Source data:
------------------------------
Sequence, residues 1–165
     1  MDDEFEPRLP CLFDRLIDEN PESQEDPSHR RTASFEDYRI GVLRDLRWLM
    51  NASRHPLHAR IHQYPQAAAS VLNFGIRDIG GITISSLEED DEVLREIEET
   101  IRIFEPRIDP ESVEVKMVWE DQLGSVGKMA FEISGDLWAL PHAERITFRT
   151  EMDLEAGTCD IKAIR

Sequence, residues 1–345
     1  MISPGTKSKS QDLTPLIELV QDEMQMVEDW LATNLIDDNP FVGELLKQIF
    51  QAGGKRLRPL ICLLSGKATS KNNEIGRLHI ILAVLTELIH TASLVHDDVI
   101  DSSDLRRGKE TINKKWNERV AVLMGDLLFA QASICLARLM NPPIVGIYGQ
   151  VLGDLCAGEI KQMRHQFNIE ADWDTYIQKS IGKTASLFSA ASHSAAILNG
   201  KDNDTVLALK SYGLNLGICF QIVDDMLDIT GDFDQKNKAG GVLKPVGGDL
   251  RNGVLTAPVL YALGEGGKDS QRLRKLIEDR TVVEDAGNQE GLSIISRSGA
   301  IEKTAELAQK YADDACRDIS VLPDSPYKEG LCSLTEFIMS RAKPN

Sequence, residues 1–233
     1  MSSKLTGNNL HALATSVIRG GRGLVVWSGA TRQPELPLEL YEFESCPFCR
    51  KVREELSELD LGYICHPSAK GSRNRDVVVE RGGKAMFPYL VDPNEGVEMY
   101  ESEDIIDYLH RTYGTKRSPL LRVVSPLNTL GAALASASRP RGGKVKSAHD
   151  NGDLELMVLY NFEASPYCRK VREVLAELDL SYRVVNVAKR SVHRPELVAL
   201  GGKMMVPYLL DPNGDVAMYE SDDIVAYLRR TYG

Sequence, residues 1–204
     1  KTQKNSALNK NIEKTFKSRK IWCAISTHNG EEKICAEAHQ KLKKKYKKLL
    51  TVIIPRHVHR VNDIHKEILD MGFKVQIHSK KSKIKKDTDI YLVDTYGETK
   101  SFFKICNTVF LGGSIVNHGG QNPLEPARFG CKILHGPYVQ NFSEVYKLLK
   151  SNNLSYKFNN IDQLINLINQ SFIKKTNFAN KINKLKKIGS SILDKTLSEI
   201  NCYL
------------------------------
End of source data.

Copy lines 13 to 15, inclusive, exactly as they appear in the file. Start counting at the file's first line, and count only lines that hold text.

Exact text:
   301  IEKTAELAQK YADDACRDIS VLPDSPYKEG LCSLTEFIMS RAKPN

Sequence, residues 1–233
     1  MSSKLTGNNL HALATSVIRG GRGLVVWSGA TRQPELPLEL YEFESCPFCR